Figure 4 illustrates examples of steps 1 and 2. The upper red line in Fig. 4 represents the dynamic peak-picking threshold, while the lower red line represents the updated dynamic peak-picking threshold. The green line represents the forward higher peaks, which are higher than the dynamic peak-picking threshold.
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Dynamic peak-picking threshold updating.
Step 3. Steps 2 to 3 are repeated for l = l + 1 until all frames are processed.
Step 4. Backward high peak extraction . To extract the noise-distorted robust salient peaks, steps 1 to 3 are repeated but from the last frame back and considering only ( k , l ) tuples already in FHP. This is referred to as “pruning”.
P f ( k,  l )={ salient  peak               if       P f ( k,  l )> T b ( k,  l ), non-salinet  peak     otherwise,
using
T b ( k,  l )=max( d( k,  l1 ) T b ( k,  l1 ), T bup ( k,  l ) ).
If          ( P b ( k pre ,  l )> P b ( k,  l ) ), then     T bup ( k,  l )= P b ( k pre ,  l ) P b ( k pre ,  l ) P b ( k,  l ) k k pre k`; else      T bup ( k,  l )= P b ( k pre ,  l )+ P b ( k,  l ) P b ( k pre ,  l ) k k pre k`,
where P b ( k , l ) is the salient peak after backward filtering using the dynamic peak-picking threshold T b ( k , l ), and T bup ( k , l ) is the updated backward peak-picking threshold.
Figure 5 presents the salient peaks (black dots) discovered by the proposed method compared to those of Wang’s approach. As shown in Fig. 5 , the proposed method provides more salient spectral peaks than Wang’s approach so as to improve the accuracy of the identification.
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Salient peaks of proposed MCLT-based method compared to Wang’s approach: (a) salient peaks of Wang’s approach and (b) salient peaks of proposed MCLT-based method.
- 3. Fingerprint Hashes Using MCLT Peak Pair
Fingerprint hashes are generated by associating the time-frequency information of P b ( k , l ) pairs. As in Wang’s approach, we use pairs of peaks. However, a new type of hash is defined and used to improve the identification accuracy against time stretching and pitch shifting. Each peak pair (called a landmark) is selected as an anchor point and paired with nearby landmarks from within a defined zone (including the pairing horizon in time and in frequency). Assuming that P b ( k a , l a ) is the anchor point and that it is paired with another landmark point P b ( k p , l p ), its hash, h , is obtain by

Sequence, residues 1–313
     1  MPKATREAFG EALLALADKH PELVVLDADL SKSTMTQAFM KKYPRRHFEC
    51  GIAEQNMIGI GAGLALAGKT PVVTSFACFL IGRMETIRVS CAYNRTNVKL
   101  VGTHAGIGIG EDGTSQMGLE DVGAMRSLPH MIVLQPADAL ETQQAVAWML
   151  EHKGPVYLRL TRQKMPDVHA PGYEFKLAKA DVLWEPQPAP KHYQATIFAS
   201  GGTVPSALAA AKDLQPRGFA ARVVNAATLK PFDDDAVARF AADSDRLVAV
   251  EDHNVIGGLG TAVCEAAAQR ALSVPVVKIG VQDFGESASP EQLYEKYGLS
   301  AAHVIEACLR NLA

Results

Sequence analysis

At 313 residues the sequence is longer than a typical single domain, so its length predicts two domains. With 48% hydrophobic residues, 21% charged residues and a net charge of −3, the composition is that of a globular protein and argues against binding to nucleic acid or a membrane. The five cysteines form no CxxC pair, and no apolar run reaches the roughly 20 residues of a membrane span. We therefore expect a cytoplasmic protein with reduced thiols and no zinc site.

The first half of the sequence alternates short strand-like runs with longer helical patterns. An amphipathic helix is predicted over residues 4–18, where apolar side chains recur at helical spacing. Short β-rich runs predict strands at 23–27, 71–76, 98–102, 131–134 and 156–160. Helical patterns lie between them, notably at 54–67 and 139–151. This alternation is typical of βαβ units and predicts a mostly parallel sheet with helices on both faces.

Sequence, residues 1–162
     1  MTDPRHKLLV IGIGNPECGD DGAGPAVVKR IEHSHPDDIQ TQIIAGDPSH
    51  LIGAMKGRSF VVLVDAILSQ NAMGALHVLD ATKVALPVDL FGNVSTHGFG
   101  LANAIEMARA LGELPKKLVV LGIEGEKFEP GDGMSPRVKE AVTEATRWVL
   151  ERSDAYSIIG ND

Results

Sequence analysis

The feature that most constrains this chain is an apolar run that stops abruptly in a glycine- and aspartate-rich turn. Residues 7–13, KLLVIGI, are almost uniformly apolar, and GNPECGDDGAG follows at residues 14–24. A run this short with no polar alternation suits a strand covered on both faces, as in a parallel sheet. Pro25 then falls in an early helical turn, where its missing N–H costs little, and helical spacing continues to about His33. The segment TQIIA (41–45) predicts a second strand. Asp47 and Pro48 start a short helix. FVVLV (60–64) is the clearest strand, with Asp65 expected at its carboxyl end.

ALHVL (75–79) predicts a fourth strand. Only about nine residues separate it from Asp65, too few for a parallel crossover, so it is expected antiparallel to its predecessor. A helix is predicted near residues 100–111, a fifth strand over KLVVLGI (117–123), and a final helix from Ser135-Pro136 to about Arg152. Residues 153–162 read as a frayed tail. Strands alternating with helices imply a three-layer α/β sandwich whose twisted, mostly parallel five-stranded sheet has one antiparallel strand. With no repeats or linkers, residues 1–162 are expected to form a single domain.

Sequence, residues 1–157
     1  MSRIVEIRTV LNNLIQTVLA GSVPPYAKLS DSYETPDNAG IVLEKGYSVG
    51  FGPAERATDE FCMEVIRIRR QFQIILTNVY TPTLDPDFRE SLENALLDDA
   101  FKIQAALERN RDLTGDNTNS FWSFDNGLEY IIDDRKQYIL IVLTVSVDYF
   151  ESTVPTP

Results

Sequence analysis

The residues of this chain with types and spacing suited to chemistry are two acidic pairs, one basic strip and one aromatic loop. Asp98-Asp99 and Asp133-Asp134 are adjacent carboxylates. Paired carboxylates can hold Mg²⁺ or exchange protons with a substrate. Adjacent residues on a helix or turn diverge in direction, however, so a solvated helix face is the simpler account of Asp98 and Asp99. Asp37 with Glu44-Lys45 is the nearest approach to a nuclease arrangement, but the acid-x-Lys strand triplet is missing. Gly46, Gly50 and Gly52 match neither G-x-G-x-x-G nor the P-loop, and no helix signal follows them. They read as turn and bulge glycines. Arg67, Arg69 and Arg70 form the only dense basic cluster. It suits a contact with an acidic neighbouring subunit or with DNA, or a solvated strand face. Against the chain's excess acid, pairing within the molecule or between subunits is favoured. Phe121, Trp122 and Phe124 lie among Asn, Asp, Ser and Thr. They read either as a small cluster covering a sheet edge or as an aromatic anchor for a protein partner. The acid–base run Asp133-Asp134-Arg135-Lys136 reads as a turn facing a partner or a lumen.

h={ k a ( l p l a ),   k p k a ,  ( k p k a )( l p l a ) }    =( k a Δl,  Δk,  ΔkΔl ).
All k (in frequency bins) and l (in frames) are integers with a fixed higher bound, so each landmark point generates a fixed number of pairs. The first component, k a Δ l , is a rough frequency location of the pair of peaks. The second component, Δ k , is the spectral extent of the pair in the MCLT domain and provides good robust performance under time stretching or time-scale modification. Time-scale modification refers to the process of changing the speed or duration of an audio signal without affecting its pitch. Due to the vertical frequency axis, Δ k is limited to a lower value than k p . In addition, the component Δ l is the time extent of the pair in the MCLT domain and provides good robust performance under pitch shifting. Pitch shifting refers to the process of changing the pitch of an audio signal without affecting its speed. Due to the horizontal time axis, Δ l is limited to a lower value than l p . As this hash takes into account relative time–frequency information (that is, the third component Δ k Δ l ), it is robust to cropping, time stretching, and pitch shifting within the defined zone. If the time stretching and pitch shifting occur over the defined zone, then the identification is decreased.
Finally, the generated hash extracted in the mobile phone is used as a query for audio fingerprinting.
- 4. Building of Fingerprint Database and Identification
When building the fingerprint database at the server, a database index is created by a fingerprint hash, and a Track ID and time-frequency offset of the hash are stored according to the hash value to facilitate fast processing.
In retrieval or identification processing [9] , the similarity searches of audio are performed in the fingerprinting domain. A query signal is fingerprinted in the user’s mobile phone, and the resulting hashes are compared against the hashes stored in the database hash table. After all matching hashes are found, a candidate set, c set , of match segments can be obtained by combining the Track ID stored in the database and the time–frequency offset of the hash in the query audio as follows:
c set =( ID,ΔkΔl ).
The differences Δ k Δ l , between where the relative frequency–time extent occur in the query fingerprint and where they occur in the candidate set of fingerprints (references), are stored in the histogram (one histogram per reference). If the query frame corresponds to the reference m starting at time l , then its fingerprint will have more pairs in common with m ’s fingerprint than with any another reference fingerprint and will show a higher matching histogram than any other matching histogram. That is, the Track ID with the largest number of the same (or very similar) frequency–time extent is determined to be the matched result.